• Disposals of unlisted shares through an approved initial public offering (IPO) will not be subject to the proposed CGT.

This further update from our Finance Minister is timely to provide comfort to businesses and investors.

Furthermore, economists expect an increase in the number of companies going for IPO in the coming years and the exclusion from CGT on disposals of unlisted shares through an approved IPO will provide relief to these companies as a listing exercise cannot be rushed for completion before the implementation of CGT.

Meanwhile, companies that are looking to restructure their corporate shareholding structures or going for M&A deals should consider bringing forward their plans to be executed in the year 2023 to avoid the added tax burden from CGT, where possible.

Notwithstanding, there is still a lot of uncertainty surrounding the implementation of CGT which we hope the Government will review thoroughly and address accordingly before rolling out CGT in full. One matter being discussed is whether the government will only impose CGT on unlisted shares acquired on or after 1 January 2024 in line with the implementation date, etc.

If not, now is the time for companies to review their corporate plans and perhaps look at possible ways to mitigate the impact of CGT in the future.

Capital Gains Tax

Uncertainties on the Implementation of CGT

  • What will be the tax rate for CGT?
  • What type of shares will be subject to CGT, e.g. ordinary shares only or includes preference shares?
  • What are the filing requirements?
  • Are losses available for carry forward to future years?
  • Will long term investments (e.g. held for more than 5 years) be subject to CGT?
  • Any exemptions given for sales of shares within a group without any real gains e.g. group restructuring exercise?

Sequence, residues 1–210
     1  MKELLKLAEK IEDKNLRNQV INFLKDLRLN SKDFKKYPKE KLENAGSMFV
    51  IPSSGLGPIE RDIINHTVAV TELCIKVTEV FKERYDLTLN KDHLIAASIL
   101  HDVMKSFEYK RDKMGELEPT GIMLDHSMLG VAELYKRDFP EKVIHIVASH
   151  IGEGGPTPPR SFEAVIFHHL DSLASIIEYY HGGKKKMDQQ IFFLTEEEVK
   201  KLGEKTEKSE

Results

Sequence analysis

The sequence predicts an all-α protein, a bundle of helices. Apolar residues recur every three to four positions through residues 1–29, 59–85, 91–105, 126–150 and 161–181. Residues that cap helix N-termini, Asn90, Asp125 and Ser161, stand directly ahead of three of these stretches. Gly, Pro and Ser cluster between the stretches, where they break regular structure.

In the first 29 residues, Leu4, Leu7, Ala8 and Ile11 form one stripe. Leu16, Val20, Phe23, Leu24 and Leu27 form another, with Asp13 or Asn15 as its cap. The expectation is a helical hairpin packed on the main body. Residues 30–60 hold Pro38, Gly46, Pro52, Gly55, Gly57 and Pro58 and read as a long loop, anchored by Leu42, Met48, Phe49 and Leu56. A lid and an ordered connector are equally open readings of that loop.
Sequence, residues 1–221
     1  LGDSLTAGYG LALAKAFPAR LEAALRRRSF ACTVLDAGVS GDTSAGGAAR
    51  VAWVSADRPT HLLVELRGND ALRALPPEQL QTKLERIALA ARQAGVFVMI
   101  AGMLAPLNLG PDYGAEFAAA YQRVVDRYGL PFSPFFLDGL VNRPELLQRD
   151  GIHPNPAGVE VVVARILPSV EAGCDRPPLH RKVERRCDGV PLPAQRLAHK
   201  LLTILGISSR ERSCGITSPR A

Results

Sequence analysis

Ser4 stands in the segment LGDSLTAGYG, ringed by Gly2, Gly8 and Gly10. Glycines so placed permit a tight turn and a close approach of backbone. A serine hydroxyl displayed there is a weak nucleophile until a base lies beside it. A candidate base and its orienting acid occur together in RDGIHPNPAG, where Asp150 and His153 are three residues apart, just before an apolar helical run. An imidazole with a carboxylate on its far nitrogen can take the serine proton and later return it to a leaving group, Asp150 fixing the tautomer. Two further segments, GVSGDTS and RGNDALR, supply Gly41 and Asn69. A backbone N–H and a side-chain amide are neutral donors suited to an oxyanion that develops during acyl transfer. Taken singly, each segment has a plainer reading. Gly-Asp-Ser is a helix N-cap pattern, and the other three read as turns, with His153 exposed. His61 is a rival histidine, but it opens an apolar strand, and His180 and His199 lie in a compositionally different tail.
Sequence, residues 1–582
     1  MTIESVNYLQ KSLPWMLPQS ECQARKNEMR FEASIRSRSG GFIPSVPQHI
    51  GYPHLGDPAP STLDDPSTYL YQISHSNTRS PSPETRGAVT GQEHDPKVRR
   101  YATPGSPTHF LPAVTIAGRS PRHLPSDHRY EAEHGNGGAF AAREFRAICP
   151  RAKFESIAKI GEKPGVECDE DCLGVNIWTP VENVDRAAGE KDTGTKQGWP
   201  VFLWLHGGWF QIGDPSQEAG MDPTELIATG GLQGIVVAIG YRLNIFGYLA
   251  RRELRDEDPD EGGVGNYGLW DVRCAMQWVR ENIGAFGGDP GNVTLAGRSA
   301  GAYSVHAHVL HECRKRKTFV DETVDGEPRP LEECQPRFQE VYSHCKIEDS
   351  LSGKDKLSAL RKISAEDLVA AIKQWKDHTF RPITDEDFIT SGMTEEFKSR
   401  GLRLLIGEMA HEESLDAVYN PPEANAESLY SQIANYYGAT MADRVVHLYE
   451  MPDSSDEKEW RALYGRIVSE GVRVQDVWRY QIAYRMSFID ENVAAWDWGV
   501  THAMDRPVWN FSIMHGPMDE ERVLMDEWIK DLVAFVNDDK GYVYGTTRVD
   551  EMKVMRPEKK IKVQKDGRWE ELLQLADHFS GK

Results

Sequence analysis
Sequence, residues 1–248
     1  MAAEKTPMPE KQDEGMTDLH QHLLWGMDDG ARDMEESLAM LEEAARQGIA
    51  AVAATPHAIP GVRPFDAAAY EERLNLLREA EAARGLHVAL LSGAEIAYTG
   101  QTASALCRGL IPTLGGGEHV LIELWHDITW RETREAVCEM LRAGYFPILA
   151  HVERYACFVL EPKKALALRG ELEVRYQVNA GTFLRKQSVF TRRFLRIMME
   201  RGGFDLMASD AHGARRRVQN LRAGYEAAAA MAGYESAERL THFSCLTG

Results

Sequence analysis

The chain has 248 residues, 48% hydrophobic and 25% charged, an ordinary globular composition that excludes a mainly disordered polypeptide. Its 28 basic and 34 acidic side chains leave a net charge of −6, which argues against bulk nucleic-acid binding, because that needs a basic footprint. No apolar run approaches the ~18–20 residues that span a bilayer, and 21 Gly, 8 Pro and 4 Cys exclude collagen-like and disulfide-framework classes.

• How to determine cost of the shares in special cases e.g. shares distributed as part of a capital distribution in specie?
  • Will CGT replace RPGT for disposal of Real Property Company shares?
  • Will there be double taxation issue where gains are subject to both CGT and other taxes, such as corporate income tax, withholding tax and RPGT?

Actions Required & How We Can Assist You

What Should Companies Do?

Businesses should proactively review their group’s corporate plans in the coming years and assess whether there are any opportunities for restructuring of the group’s corporate structure, divestment of companies or undertake any other corporate exercises that may involve the transfer of unlisted shares.

How Crowe Can Assist You

In addition to reviewing the group’s corporate plans and highlight transactions that may be impacted by CGT, we will also provide insights on the potential tax implications such as:

  • To comment on the potential impact of CGT (when more information is provided by the Government).
  • To highlight other potential tax implications, i.e. RPGT, stamp duty, corporate income tax, etc.
  • To recommend tax efficient methods to meet the group’s objectives.